A contentious proposal in the Louisiana House of Representatives by a Shreveport lawmaker would prohibit a state institution of higher learning from allowing its name or symbol to be affixed to an alcoholic beverage.
This has ramifications for both the microbreweries and the schools. The controversy even caught the attention of Gov. John Bel Edwards, who weighed into the brouhaha Thursday.
UL Lafayette and LSU, which have their own official beer associated with their brands, are in the crosshairs of the bill by Democratic Rep. Cedrick Glover, who believes there is no justification for a university officially branding itself with alcohol.
Glover believes the current licensing agreements with breweries is a sudsy slope to hard liquor branding, but his concerns go beyond the alcohol.
“If you do this, why not the official lottery ticket game of the various universities across the state?” he said facetiously. “Let’s have the Mike the Tiger pick-three card.”
Gov. Edwards doesn’t quite see it that way. He implied to the Manship School News Service Thursday that, while he has not yet spoken to fellow Democrat Glover or the schools, the licensing of beer is simply part of a bigger tendency in the state.
“It is very clear: You go to the grocery store around football season and you are going to find purple and gold cans of beer in Louisiana. So we have people trying to take advantage of a connection to the universities anyway.”
The Bayou Bengal lager is one of five core beers by Tin Roof Brewery of Baton Rouge, founded by LSU alumni in 2010.
Glover said the ongoing budget cuts experienced by state universities is not a valid excuse to seek out replacement revenues from beer.
The university receives 15 percent of the earnings associated with the beer.
Glover called it unfortunate that the state has to “look for revenue in any and all places.” He said his bill is not targeting microbreweries such as Tin Roof, which he said are popping up in his district and are “wonderful.”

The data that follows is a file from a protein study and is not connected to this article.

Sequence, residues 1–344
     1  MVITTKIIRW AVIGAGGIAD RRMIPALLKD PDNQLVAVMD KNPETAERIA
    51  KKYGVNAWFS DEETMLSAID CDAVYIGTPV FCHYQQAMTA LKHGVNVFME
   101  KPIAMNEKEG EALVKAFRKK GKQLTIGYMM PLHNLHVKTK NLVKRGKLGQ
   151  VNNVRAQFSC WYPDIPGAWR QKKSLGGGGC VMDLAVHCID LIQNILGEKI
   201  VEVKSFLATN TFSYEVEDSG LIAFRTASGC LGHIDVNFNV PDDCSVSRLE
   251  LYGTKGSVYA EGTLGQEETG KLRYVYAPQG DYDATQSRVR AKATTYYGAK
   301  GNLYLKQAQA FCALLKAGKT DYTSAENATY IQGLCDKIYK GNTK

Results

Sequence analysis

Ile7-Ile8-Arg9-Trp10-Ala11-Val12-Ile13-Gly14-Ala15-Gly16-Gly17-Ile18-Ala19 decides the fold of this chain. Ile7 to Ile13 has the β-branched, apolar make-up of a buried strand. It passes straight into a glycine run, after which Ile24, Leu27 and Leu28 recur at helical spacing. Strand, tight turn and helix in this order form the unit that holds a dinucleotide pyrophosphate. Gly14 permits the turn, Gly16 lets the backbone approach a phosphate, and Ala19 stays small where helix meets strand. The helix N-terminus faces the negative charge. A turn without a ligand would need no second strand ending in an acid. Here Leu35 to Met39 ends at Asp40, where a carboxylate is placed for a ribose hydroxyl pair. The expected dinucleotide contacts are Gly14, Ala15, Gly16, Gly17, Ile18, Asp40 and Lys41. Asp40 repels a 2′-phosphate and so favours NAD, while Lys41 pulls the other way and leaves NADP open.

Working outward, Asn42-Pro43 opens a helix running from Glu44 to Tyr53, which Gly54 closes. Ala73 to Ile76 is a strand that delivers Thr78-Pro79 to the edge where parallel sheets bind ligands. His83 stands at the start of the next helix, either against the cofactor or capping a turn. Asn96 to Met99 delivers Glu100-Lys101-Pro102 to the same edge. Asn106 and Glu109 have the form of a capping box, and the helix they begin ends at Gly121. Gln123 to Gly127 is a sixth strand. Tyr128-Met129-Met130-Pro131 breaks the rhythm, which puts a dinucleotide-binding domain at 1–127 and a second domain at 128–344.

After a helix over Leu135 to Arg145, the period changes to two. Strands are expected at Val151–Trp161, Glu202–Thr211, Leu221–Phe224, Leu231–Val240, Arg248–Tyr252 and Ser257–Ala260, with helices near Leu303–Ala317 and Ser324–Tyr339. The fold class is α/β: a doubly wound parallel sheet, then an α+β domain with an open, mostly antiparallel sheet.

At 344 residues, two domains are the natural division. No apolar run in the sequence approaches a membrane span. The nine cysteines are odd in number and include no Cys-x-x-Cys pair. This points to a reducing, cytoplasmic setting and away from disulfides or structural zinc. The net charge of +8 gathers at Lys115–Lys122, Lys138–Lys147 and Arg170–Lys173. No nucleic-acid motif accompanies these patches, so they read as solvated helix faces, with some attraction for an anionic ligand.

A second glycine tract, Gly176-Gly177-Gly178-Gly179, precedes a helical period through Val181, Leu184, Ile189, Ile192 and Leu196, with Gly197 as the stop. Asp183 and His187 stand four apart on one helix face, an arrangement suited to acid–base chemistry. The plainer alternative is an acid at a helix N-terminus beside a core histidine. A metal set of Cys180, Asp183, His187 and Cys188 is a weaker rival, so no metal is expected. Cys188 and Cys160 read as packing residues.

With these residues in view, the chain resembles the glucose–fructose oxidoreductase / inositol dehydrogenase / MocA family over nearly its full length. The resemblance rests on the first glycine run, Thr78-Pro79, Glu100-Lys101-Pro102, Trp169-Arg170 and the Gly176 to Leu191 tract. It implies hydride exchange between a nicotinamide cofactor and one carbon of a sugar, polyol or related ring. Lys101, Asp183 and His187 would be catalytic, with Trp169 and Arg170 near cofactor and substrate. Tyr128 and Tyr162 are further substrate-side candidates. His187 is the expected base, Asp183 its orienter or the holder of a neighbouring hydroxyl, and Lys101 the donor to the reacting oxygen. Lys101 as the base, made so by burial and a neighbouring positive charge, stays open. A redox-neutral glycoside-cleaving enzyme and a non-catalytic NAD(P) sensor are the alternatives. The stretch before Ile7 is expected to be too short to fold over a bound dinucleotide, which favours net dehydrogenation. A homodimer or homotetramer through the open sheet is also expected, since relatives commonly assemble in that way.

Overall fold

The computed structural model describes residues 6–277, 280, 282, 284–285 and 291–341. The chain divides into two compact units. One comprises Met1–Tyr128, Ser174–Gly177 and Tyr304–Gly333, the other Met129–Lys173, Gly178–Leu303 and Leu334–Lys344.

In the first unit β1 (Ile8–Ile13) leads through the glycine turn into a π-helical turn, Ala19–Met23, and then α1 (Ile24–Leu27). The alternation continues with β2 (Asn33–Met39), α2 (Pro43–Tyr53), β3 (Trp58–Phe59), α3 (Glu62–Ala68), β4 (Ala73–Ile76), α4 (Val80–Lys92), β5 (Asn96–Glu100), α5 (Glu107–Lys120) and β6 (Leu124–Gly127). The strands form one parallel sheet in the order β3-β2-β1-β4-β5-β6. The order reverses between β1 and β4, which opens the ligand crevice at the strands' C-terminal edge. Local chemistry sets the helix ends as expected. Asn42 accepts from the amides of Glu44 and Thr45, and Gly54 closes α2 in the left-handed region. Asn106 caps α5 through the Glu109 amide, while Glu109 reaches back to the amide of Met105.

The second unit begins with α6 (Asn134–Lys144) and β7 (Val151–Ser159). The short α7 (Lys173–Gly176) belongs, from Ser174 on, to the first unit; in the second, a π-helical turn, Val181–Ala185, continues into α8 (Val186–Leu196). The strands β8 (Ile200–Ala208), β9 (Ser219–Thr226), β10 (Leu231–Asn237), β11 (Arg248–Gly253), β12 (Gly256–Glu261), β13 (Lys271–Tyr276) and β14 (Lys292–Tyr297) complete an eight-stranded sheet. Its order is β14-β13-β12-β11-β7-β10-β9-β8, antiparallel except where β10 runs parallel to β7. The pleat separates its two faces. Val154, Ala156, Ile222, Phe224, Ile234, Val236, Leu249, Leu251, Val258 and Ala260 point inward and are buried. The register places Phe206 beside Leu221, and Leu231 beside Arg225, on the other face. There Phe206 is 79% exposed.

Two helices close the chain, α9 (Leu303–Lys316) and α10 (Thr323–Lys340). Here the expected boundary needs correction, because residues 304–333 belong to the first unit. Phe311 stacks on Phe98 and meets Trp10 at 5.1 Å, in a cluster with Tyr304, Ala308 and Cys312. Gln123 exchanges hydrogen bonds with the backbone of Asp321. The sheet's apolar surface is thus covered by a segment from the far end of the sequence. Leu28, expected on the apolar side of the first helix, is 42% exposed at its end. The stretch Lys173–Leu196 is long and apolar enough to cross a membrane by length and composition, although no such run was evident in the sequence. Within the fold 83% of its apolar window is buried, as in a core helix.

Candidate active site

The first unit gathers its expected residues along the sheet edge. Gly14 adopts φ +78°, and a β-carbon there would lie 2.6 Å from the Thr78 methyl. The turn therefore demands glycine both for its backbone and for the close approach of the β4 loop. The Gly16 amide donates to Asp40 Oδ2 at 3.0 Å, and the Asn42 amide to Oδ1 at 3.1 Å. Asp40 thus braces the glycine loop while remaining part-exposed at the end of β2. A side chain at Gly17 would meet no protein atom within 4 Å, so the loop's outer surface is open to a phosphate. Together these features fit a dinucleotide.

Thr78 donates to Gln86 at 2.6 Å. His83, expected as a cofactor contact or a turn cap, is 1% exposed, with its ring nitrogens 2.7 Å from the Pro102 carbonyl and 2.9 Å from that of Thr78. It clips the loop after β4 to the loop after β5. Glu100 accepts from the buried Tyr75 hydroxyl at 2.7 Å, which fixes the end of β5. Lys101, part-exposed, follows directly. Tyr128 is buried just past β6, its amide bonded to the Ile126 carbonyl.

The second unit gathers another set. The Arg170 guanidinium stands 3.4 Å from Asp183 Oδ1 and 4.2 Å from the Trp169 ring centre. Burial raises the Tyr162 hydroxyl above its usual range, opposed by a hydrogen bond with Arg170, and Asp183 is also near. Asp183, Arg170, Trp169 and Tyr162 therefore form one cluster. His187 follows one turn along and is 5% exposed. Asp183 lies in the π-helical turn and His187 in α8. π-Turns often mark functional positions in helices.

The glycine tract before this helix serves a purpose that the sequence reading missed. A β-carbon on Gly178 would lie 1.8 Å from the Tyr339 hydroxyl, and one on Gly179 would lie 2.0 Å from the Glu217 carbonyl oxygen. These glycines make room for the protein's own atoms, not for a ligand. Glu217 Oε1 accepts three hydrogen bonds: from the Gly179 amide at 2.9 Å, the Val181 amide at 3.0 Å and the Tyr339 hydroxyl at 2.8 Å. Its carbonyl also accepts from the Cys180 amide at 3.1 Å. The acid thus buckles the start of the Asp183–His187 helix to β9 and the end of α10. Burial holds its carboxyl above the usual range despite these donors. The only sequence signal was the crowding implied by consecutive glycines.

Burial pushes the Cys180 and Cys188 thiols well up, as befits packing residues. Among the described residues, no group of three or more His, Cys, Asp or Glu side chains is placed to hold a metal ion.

LSU President F. King Alexander was quoted by The Advocate of Baton Rouge that House Bill 610 was “nonsense” and that Glover “likes to throw stones.”
Glover was quick to counter, calling Alexander’s response to the bill “petty.”
Alexander argued there are already major brands packaging products in the school’s iconic purple and gold colors, and they should deserve a cut of those profits.
“If King Alexander deserves a cut, then all the young men and women who have helped expose and elevate the brands [as student athletes] across this state deserve a break as well,” Glover shot back. “But any one of those young people attempt to capitalize…on the prestige they bring to these institutions, then the NCAA and the university itself and the system as a whole will come down on them in ungodly ways.”
One of Tin Roof’s co-founders, William McGehee, said the LSU-licensed beer was in the works for several years prior to its launch last fall. Former Chancellor Mike Martin approached Tin Roof in 2010 about putting a brew pub on campus, but McGehee thought it would be better to start with an LSU licensed beer.
McGehee said Tin Roof was able to bring an LSU beer to fruition with Alexander, who thought it was “a great idea” and gave the green light.
“I understand [Glover’s] opinion, but we’re a craft brewery,” McGehee said. “We don’t promote mass drinking. That’s not what we’re about. We’re more about enjoying the beer. Our licensing with LSU beer is more about working with the school and the city and the state that we love and letting people of age enjoy a beer that has their school’s logo.”
The LSU-themed “Bayou Bengal” brew is now the third hottest-selling beer in Tin Roof’s cooler.
“The volume projections we think this beer can do…we’ve done a big expansion based on this beer,” McGehee said.
The brewery, which sits a mile from the LSU campus, wants to expand, but that may depend on whether Glover’s bill passes into law.
“I don’t think having an LSU licensed beer is going to make anyone drink more or less,” McGehee said.